E. Lea Johnston, J.D.

Professor of law & assistant director of the University of Florida Criminal Justice Center 

Fredric G. Levin College of Law 

2020 Awardee 

Lea Johnston, professor at UF’s Fredric G. Levin College of Law, specializes in the relationship between mental illness and crime. Johnston’s work challenges the idea that mental illness causes crime, and instead points to networks of associated risk factors, such as unemployment and substance abuse, that have been scientifically linked to criminal behavior.   

People assume that mental illness itself makes someone more likely to commit a crime, but that’s not true,” said Johnston, who earned her bachelor’s degree from Princeton University and her doctorate in law from Harvard University. “The reason why that matters is because if you just treat the mental illness, it doesn’t affect the underlying risk factors. But if you treat the underlying factors, that’s when you see a reduction in criminal offending. 

She said that the U.S. criminal justice system often relies on popular stigmas around mental illness and “folk science” to reinforce the idea that mental illness drives criminal behavior. But she sees renewed opportunity to improve justice practices as awareness spreads of the high financial costs of imprisonment and the abuse vulnerable prisoners can face from other incarcerated persons and correctional officers.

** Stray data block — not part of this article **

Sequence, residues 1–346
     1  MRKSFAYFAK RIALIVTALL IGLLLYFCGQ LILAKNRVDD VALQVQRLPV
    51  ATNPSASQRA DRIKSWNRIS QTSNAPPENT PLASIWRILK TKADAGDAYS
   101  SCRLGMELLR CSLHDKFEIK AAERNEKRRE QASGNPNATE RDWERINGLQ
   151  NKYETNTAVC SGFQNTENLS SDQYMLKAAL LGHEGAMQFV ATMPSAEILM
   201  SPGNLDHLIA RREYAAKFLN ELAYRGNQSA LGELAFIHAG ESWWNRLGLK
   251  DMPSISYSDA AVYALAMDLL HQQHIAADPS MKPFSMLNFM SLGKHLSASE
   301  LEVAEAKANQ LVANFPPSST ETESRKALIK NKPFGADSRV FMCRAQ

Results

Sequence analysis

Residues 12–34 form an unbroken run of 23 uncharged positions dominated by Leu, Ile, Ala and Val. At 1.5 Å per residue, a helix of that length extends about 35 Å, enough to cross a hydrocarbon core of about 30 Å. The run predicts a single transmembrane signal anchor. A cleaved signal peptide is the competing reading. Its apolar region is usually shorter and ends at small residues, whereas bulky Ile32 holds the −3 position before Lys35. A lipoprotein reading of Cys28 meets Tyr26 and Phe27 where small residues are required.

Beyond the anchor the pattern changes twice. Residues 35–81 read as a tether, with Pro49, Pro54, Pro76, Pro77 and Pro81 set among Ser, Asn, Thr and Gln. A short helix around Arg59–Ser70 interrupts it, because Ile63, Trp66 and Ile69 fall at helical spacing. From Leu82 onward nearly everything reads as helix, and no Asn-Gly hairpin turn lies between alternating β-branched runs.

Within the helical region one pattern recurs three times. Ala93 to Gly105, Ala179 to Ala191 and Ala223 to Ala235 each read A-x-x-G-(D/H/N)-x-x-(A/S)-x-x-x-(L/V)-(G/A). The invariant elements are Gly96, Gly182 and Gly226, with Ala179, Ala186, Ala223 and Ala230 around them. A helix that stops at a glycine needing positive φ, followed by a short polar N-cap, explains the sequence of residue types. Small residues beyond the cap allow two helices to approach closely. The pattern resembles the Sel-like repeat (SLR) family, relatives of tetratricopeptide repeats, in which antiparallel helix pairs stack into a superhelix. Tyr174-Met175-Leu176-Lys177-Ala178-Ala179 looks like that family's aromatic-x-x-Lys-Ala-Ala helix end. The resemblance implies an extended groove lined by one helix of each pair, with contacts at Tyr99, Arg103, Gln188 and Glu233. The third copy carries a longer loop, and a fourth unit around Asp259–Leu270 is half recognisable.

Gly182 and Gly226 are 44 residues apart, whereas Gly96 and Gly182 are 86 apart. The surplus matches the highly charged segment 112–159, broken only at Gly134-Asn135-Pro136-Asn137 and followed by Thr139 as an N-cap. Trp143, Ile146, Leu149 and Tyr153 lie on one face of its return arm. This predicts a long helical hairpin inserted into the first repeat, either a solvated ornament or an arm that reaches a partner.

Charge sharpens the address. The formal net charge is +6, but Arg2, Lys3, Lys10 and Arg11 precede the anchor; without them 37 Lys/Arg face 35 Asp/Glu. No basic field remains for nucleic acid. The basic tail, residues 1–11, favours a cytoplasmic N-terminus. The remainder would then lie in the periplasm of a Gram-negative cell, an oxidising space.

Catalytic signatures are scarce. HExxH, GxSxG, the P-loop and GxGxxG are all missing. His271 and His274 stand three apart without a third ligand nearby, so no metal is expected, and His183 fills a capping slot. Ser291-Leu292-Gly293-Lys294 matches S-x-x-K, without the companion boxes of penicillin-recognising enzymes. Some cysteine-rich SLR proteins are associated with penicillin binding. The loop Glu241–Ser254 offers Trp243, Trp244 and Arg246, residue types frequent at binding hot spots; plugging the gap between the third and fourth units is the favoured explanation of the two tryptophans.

“Mental illness is so common, but there’s still such a deep stigma around it that people don’t often want to talk about it and are reticent to seek help,” said Johnston. I want to spend my energies on issues involving criminal justice and mental illness because I feel that this is a stigmatized, ignored population who, historically, has had their rights trampled on.” 

Delusions and insanity are among Johnston’s current research focuses following a March 2020 U.S. Supreme Court ruling deciding that states are not required to offer an insanity defense to defendants – a decision Johnston said has huge implications for the field.  

“Many of us, and certainly many states, assumed that was a requirement of fundamental fairness, and that to be blameworthy as a criminal, a person should have the inherent capacity to understand what she was doing was wrong,” Johnston said. “That decision is foundational when we’re talking about mental illness and the justice system.” 

Johnston, who is also an assistant director of UF’s Criminal Justice Center, said connecting students to advocacy missions is central to her work. She arrived at UF in 2009, drawn to the wide range of collaborative opportunities the university offered with specialists, including forensic psychiatrists and criminologists. 

“The students I have the privilege of teaching are so excited and have incredibly smart and creative ideas for how we should reform our justice system,” she said. I love research – but I really love teaching. Doing both is my dream job. 

In 2012, the California Supreme Court – a state with one of the highest prison populations in the U.S. – endorsed Johnston’s proposed standards for self-representation in court, which continues to act as a guide until the U.S. Supreme Court provides detailed guidance. The proposed standards are available from the UF Law Scholarship Repository.

Learn more about Johnston’s research.